Most likely, you’ll know someone in your family or network of friends who has smelly feet—this may even be you! Smelly feet can give off a fragrance similar to the smell of blue cheese whenever the individual in question removes their shoes and/or socks.
It may be that their smelly feet are a result of their actions, i.e. from exercising, or from being on their feet at work for hours every day. Most of us, once we’ve had a shower and dried our feet and put on a fresh pair of socks, will eliminate the sweat from our soles.
However, for some, their smelly feet become a permanent fixture, i.e. bromodosis.
People with bromodosis suffer from a build-up of sweat in the feet area; this provides a perfect hotbed for bacteria, which, if left to grow, can give off the kind of stale stink we’re all familiar with. Sufferers may find the condition difficult to be rid of; contact Treat Your Feet if you’d like our advice.
There are some things you can do to reduce the occurrence of smelly feet.
Scrub away the sweat
If you’re the type that just dashes in and out of the shower each morning, it may be a good idea to spend longer on your beauty regime, particularly so if your feet make your presence known before people catch sight of you.
Give your feet a good clean all over, with a mild soap. Make sure to clean in-between your toes and use a nailbrush to gently work the soap into your skin. It’s also a good idea to use a pumice stone or similar on the harder skin on your heels, as this is where bacteria likes to sit.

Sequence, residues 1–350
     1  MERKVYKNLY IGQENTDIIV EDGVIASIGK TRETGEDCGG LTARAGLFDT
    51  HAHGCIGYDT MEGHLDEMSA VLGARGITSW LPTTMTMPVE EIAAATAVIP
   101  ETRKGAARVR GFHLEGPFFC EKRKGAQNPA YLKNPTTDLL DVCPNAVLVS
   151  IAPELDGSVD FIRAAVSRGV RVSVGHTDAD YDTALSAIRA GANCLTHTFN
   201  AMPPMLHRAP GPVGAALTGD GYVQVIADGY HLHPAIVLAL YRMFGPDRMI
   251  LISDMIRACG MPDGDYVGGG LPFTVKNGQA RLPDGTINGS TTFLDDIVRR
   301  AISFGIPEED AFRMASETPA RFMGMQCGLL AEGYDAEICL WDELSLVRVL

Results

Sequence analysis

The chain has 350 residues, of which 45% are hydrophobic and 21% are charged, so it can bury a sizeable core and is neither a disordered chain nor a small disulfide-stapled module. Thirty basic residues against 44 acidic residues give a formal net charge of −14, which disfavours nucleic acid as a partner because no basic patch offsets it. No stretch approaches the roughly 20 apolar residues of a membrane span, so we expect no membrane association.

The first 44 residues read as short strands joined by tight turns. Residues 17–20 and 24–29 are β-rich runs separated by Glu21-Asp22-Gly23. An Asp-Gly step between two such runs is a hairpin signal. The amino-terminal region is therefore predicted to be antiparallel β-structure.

Keep your nails short by cutting them regularly, to prevent dirt and grime collecting underneath.
Fill your wash basket
If you’re someone who keeps their clothes washes to a minimum, it’s time to change habit. Wear a clean pair of socks every day—maybe even change them twice a day if you’ve been exercising or your feet begin to feel damp. Your loved ones will thank you.
Some materials will absorb the sweat from your feet better than others. Socks made from bamboo, cotton and other natural fibres are good, as are towelling socks that people often wear when playing sports.
More alcohol, please…
…on your feet, at least. Alcohol has a drying effect on skin, which can help to soak up the sweat from your feet. Wet the corner of a clean cloth with alcohol and gently rub it across and over your feet. Be careful to avoid any cuts or deep cracks in your skin, though, as the alcohol will sting.
Open to the elements
The more air you can get to your feet, the less likely they will sweat and subsequently smell. Once home for the evening, soak, clean, and dry your feet. Rather than putting on socks or slippers, walk barefoot for a little while and let the air circulate around your lower limbs.
During the day, think about air flow around your feet and choose shoes/footwear that allow your feet to breathe. For the same reason, avoid wearing tight-fitting shoes.
If all else fails
There may be some circumstances in which you need to remove your shoes and/or socks in public. If you’ve done all you can to reduce the smell your feet emanate but there’s still a pungent aroma, carry around a foot spray/deodoriser.
Everyone’s feet sweats. Some people just sweat more than others; hormones and medication can also exacerbate the amount of sweat secreted. The above measures will help you control how smelly your feet become. If it turns into a problem, however, do not hesitate to contact Treat Your Feet for advice.